A roan horse has a coat color pattern of a mixture of colored and white hairs on the body. The head and “points”—lower legs, mane, and tail—are typically solid-colored. Roan Horses have white hairs evenly intermingled throughout any other color. Their head, legs, mane, and tail have fewer scattered white hairs or none at all. The pattern is dominantly-inherited and is found in different horse breeds.
True roan is present at birth, though it may be hard to see until after the foal coat sheds out. Depending on the season, the coat may lighten or darken. Unlike the gray coat color, which also begins with intermixed white and colored hairs, roans do not become progressively lighter in color as they age. The silvering effect of mixed white and colored hairs can create bluish or pinkish coats.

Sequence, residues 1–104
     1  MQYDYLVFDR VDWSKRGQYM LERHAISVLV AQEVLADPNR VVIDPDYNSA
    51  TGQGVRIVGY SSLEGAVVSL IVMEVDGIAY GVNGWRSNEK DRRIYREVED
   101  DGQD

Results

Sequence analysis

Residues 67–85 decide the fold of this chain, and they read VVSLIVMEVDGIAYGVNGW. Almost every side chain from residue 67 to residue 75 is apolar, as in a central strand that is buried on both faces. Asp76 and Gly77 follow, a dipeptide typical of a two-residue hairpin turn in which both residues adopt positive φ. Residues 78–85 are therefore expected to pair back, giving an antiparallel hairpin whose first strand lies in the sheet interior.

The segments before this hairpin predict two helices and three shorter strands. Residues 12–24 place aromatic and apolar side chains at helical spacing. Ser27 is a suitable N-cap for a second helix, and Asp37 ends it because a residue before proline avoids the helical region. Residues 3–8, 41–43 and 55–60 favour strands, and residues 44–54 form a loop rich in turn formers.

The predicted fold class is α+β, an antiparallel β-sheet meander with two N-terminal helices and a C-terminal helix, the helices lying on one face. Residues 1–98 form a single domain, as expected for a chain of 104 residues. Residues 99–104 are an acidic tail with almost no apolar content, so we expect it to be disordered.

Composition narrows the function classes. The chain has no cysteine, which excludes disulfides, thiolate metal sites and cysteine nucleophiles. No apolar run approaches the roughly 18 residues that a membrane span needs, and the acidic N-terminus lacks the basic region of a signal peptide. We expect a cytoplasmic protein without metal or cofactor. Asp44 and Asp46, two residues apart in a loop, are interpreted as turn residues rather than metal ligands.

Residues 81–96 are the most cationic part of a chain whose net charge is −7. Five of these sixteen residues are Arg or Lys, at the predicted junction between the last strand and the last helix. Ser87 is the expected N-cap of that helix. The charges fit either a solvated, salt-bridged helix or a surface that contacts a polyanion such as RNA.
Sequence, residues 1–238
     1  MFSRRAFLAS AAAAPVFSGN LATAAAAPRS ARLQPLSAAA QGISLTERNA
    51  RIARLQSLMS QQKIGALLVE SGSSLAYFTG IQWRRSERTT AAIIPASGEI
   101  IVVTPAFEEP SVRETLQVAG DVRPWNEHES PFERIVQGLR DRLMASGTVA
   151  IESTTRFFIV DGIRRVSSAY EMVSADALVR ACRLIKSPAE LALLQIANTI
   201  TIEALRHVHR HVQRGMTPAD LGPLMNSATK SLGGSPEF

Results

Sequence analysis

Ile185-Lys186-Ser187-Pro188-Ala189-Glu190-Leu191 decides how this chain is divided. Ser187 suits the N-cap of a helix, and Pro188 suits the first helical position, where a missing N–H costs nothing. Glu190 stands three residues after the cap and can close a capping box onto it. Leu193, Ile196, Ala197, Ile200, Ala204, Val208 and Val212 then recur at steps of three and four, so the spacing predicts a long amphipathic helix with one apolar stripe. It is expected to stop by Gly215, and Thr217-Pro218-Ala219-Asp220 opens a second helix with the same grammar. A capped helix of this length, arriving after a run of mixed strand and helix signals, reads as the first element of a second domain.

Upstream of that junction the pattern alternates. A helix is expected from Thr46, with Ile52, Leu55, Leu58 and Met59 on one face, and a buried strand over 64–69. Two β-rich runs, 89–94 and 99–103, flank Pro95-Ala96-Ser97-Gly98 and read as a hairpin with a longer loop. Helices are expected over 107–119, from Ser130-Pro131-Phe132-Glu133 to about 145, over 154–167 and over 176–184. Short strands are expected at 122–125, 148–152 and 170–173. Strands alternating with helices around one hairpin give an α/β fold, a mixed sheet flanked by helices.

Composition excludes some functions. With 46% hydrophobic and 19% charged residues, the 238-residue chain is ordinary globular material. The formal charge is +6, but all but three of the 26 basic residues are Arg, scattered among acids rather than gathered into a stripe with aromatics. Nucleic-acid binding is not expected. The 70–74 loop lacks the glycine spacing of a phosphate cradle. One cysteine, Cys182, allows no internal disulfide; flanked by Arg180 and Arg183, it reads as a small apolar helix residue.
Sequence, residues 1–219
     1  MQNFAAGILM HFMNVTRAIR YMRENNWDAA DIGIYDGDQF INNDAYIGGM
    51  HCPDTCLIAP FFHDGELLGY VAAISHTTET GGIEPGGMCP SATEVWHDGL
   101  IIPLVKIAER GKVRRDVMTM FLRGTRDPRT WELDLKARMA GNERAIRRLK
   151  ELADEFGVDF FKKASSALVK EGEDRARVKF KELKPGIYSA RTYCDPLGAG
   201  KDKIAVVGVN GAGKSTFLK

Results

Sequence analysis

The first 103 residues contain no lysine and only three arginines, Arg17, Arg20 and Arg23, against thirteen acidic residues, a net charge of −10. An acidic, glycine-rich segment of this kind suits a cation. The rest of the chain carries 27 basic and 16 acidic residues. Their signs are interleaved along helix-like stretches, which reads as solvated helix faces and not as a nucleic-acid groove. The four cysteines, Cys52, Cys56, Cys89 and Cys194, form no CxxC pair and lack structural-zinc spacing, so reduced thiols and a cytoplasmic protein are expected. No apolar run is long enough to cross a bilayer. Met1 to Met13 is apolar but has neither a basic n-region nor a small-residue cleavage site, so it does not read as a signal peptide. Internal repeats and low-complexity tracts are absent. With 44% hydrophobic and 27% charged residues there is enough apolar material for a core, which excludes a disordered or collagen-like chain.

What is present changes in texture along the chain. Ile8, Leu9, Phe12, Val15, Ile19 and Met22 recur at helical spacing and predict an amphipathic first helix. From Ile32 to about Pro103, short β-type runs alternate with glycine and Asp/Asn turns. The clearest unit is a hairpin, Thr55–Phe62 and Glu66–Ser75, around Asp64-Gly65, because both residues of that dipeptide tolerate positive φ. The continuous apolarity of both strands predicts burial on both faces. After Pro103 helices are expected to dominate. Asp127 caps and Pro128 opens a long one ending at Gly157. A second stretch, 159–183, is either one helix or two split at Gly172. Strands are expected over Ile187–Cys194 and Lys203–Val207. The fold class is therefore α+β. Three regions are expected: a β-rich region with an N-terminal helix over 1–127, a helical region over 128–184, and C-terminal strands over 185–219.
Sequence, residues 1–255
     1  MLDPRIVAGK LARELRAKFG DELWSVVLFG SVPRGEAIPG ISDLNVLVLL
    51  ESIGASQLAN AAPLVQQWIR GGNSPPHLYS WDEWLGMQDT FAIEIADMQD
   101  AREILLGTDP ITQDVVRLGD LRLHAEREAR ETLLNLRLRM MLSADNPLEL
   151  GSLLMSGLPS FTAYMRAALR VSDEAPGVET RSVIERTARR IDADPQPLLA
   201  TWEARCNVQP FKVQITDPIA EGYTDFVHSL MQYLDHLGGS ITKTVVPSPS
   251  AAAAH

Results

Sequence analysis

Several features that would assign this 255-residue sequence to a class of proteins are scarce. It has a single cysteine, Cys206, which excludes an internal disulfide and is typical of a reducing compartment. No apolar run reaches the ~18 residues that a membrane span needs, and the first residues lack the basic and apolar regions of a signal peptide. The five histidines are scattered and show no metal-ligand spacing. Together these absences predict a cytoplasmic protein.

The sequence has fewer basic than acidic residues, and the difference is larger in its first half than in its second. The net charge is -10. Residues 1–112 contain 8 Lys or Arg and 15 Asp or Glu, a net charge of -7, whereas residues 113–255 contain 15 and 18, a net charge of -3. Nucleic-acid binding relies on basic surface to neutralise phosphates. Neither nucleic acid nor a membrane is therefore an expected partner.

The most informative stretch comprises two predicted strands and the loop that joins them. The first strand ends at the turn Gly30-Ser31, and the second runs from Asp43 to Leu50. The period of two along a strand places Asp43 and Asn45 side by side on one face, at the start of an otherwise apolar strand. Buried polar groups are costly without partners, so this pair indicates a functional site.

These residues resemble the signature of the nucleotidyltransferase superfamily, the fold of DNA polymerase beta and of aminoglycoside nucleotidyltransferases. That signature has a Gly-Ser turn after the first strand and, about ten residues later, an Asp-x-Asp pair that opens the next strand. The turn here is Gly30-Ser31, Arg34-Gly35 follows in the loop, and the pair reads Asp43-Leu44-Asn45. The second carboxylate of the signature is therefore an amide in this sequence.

Roan horses also have other characteristics. If they damage their skin, a scrape, cut or brand, the coat grows back in solid-colored without any white hairs. These regions of the solid-colored coat are referred to as “corn spots” or “corn marks.” It can appear even without the horse having a visible injury.